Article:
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Jun 27, 2015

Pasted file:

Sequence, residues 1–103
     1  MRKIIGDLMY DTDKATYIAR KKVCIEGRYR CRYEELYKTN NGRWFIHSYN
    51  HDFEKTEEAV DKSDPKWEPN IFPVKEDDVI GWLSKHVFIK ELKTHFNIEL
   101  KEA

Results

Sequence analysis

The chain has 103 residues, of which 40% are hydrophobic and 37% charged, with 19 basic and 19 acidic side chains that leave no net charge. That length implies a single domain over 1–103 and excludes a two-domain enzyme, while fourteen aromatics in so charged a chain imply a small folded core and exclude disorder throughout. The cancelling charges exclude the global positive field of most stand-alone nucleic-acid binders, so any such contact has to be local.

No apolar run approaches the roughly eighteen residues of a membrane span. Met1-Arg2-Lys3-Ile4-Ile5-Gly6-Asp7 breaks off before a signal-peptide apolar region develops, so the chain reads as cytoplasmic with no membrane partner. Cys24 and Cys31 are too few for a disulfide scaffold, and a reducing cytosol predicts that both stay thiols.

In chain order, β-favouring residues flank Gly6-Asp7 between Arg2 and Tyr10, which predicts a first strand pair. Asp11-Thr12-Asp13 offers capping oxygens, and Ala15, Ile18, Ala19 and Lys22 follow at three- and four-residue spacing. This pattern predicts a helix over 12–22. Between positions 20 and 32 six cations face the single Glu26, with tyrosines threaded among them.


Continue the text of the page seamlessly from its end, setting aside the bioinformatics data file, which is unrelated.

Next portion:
— Months later, the father mustered the strength to sort through what was left in his dead son’s bedroom. A Little League photo collage. Mardi Gras beads from that soccer tournament in New Orleans. And a typewritten personal essay tucked into a yellow folder, with a single word pencarved into its plastic cover: “Concussions.” His son Curtis had written the paper for a college composition class in 2009, five years before his death. In it, Curtis recalled having been knocked unconscious three times in 14 years while playing soccer, twice after leaping to head the ball, only to — “WHAM” — collide with another player. The continuing side effects, he wrote, included “horrendous migraine headaches.” “If I feel this way now,” he wondered, “what will it be like when I’m older?” He was 19. Reading those words, his father, Bill Baushke, felt the floor drop beneath him. This meant that Curtis knew. He knew well before most of us that repeated concussions could also lead soccer players — and not just those who box or play football — down the dark spiral of cognitive damage and decline. Well before the death in 2012 of the semiprofessional soccer player Patrick Grange, 29, who was posthumously found to have chronic traumatic encephalopathy, the degenerative brain disease linked to concussions. Before the 2014 death of Hilderaldo Bellini, 83, the retired Brazilian soccer star, also found to have C.T.E. Before the specter of C.T.E. began to loom over every contact sport. Curtis Baushke, racked by migraines and struggling with focus, was still focused enough to know. “Allowing kids to play too soon after a concussion could be very dangerous,” he wrote. “We need to find out the actual damage concussions cause people.” When Curtis was not quite 5, a neighborhood boy bragged that his father was signing him up for soccer. Curtis then wanted to play soccer, too, but his parents were football and baseball people. “You go ahead and play soccer,” Bill Baushke recalled saying. “But next year you’re going to play baseball.” Although Curtis excelled at both games, he eventually chose to concentrate on soccer, partly because he had been hit by pitches several times, once to the head. “He wanted to play a safe sport like soccer,” his father said. With Curtis’s older brother, Ryan, playing as well, the Baushkes became a soccer family, their free time revolving around practices and games, field conditions and out­of­town tournaments. Life was lived on the mosquito­rich lawns down by the Cumberland River, under the lights at the sprawling Heritage Park and in the stands at the athletic field behind Clarksville High School. Curtis played as a freshman on the varsity team, as well as for a premier club that served as a feeder system to colleges. “You’d start him maybe on defense,” Dave Donahue, one of his high school coaches, said. “But if you needed some punch, you’d put him in midfield, and then if you were a goal behind, you’d put him up front.” “He was full speed, and just a terrific athlete,” said Donahue, who coached hundreds of players in his 26 years at Clarksville High. “He stands out, even to this day.” Bill Baushke, 57, recalled how gifted his son had been at winning balls in the air with headers, at setting up teammates with pinpoint­perfect passes, at sending corner kicks curving toward the goal. But he also remembered the many times when Curtis “had his bell rung, sat out a couple of plays, and was told to go back in” — as well as that upsetting day when a disturbed classmate hit him in the head with a bowling ball, knocking him out. Curtis began exhibiting behavior now recognized as suggestive of postconcussive trauma. Dramatic mood swings. Depression. Headaches so debilitating he would need to lie down in a dark room. After high school, Curtis took a few classes at Hopkinsville Community College, where he wrote his personal essay about concussions. He moved to Chattanooga, Tenn., to live with his brother and took more college courses in hopes of becoming a sportswriter. But Curtis, who was also found to have bipolar disorder, continued to struggle. He lost his job writing a blog about college draft picks. He injured himself while competing in a new passion — disc golf — and became addicted to prescription medicine. He moved back to the family house in the country, with that large front lawn where he and his buddies used to kick around a soccer ball. He stole, and used drugs, and lied. Maybe not liedÍž maybe he forgot. “He wouldn’t remember doing things,” his father said. “He would sit there and deny it, but in his mind, he was telling the truth.” Because of those severe migraines, his parents took him to a series of specialists, to no avail. They even had his brain scanned for tumors. Nothing. But it had to be something, Curtis insisted. He began to maintain that he had C.T.E. “He would delve into it headfirst, researching it on the computer,” his brother, Ryan, said. “Trying to find out what was going on.” Looking back, the Baushkes might have dismissed his belief as a convenient self­diagnosis by Internet. All they knew was that their sweet younger boy — who loved his grandmother, loved practical jokes, loved duck hunting — was failing to find his footing. More than once he made arrangements to move out, only to pull back at the last moment. “I just don’t think that he felt he could do it,” his mother, Patti Baushke, 55, said as she sat before family photographs splayed across the dining room table. A year ago last week, Bill and Curtis Baushke made plans to watch the United States play Germany in the World Cup. The elder Baushke left his job in Nashville early, only to come upon his son snoring loudly on his bed. He went to his own bedroom, changed his clothes and turned on the television in the living room, where wooden duck decoys adorned the shelves. The game began, and the father called for his son. Called again, then went to rouse him. But Curtis had stopped breathing, and neither his father nor emergency medical technicians could revive him. Accidental overdose of prescription drugs. His parents did what they knew Curtis would have wanted. A few months later, the Baushkes participated in a conference call with researchers who had examined Curtis’s brain at Boston University’s CTE Center, which works with the Sports Legacy Institute, a nonprofit organization dedicated to brain trauma research and prevention. Their determination: Curtis had Stage 2 C.T.E., meaning there was clear evidence of deterioration in the brain — surprising, given his young age. “I cried and cried,” his mother recalled. “He was so right. Curtis wasn’t just making it up and talking crazy. He thought he had it, and he did.” With that, the silence of unspoken what­ifs filled a house in the country, where the photographs on the dining room table depicted a gifted and airborne young athlete, meeting yet another soccer ball head­on. A version of this article appears in print on June 22, 2015, on page D1 of the New York edition with the headline: Playing a Safer Sport, and Paying the Price. © 2015 The New York Times Company